Thank you Elaine, I view the PhD as a rollercoaster with some days of excitement, some of fear and yet others of tranquillity. My biggest rock of support is my writing group. We tune into each other’s moods, fears and celebrate triumphs. Yes, our work is important but our mental health is paramount. More and more I have questioned the wisdom of a three year PhD, especially when we are writing articles, blogs, conferencing and doing fieldwork that doesn’t go to plan. It takes time for ideas to ferment and grow. Somehow the three year target seems to internalise the neoliberal environment we inhabit rather than our passionate wish to make a difference in the world.

  9. Sue says:

    Thank you, Elaine, for articulating this so well. Right near the end of a PhD now, and have been through so many moments of ‘OMG, I cannot do this!’ Now I realise that I can, and indeed nearly have, done it, but the rollercoaster seems almost obligatory for so many of us. I realise that life continues regardless of PhD deadlines, and have been immensely grateful for the support of those around me, including the university. I’ve been managing a chronic health condition and have had ups and downs. Family members have been ill, some have died. One thing that kept me going was the passion with which I approached the project in the first place, and that passion has continued throughout. I was absolutely determined to finish and nothing or no one was going to thwart me! Particularly my own self-sabotaging habits!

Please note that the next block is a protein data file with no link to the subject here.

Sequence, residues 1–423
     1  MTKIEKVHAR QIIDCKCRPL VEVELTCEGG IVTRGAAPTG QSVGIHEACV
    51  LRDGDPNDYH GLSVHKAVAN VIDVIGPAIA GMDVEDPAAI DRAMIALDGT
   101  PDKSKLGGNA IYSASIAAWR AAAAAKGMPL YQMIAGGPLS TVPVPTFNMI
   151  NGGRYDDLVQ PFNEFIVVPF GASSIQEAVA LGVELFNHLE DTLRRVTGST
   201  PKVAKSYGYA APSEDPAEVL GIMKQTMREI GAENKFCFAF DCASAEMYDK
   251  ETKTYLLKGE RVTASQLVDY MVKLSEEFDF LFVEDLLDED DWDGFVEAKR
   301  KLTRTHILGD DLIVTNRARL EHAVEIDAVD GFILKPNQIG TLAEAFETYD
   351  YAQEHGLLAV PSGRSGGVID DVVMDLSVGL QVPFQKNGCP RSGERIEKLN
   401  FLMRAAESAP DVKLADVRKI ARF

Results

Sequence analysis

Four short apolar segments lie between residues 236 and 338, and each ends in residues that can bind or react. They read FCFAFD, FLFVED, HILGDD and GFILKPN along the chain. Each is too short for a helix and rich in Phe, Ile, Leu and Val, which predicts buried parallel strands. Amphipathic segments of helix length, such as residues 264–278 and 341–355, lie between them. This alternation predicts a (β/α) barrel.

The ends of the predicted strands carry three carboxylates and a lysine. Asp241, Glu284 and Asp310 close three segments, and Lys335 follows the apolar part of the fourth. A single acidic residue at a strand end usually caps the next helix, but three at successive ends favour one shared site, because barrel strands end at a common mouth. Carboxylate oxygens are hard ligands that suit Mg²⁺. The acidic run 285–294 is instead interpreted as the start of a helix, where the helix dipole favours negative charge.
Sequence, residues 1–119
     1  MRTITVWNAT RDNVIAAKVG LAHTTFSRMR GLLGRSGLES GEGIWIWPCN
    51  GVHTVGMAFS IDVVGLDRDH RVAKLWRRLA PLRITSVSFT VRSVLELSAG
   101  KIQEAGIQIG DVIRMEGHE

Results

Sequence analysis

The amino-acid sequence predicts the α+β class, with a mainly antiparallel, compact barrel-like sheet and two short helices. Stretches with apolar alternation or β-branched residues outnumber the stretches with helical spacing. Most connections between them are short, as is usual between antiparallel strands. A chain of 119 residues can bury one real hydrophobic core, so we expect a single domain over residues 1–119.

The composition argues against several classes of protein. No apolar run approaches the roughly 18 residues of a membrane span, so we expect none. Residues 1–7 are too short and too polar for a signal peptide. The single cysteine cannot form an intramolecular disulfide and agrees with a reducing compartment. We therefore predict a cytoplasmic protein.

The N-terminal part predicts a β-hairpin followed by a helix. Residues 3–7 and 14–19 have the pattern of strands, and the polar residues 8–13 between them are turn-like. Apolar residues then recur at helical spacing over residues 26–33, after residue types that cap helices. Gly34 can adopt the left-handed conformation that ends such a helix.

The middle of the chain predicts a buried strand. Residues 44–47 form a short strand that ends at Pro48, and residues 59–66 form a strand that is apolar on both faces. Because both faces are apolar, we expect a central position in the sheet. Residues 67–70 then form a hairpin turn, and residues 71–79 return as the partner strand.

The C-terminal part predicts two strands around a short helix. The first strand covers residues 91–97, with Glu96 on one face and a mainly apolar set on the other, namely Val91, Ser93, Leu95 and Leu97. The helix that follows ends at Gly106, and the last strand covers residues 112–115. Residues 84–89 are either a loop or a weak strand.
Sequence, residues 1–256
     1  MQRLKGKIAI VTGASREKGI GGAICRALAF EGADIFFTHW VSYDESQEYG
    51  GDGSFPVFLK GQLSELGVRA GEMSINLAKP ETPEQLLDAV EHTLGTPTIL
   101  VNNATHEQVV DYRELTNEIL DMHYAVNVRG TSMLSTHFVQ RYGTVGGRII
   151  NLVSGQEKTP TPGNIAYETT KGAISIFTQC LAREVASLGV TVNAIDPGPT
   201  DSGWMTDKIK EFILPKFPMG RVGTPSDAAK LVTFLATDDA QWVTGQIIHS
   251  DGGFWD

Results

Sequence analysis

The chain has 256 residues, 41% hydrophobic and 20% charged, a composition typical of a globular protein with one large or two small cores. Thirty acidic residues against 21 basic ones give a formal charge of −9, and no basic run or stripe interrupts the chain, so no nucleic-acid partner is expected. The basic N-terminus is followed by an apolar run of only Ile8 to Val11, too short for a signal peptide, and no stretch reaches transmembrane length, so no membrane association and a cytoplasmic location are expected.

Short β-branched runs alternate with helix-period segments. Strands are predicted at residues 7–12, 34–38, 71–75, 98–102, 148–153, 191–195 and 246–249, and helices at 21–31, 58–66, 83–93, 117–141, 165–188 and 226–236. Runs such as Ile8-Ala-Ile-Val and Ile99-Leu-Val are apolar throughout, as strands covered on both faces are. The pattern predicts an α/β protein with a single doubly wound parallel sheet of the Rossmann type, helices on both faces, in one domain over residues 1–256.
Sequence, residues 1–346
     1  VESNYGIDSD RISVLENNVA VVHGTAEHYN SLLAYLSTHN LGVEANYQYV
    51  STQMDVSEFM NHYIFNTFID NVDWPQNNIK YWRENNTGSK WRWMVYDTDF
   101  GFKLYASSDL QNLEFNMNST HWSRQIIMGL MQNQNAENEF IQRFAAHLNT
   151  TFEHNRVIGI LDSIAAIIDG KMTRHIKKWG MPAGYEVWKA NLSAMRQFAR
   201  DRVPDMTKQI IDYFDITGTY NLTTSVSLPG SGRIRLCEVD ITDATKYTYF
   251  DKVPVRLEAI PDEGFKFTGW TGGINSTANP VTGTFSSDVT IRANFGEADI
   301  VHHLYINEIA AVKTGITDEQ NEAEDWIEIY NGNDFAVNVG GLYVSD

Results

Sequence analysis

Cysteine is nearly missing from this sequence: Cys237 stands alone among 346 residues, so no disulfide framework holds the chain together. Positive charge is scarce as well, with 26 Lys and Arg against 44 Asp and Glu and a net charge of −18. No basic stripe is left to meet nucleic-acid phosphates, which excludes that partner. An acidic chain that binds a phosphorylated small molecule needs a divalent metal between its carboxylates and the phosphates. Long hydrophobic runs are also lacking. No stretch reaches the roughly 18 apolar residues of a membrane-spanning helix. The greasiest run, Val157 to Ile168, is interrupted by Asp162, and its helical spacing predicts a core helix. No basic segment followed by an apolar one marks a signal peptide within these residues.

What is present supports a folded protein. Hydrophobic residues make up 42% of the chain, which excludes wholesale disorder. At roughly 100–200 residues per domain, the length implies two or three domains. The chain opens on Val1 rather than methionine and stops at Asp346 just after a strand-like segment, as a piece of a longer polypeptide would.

10. Sarah says: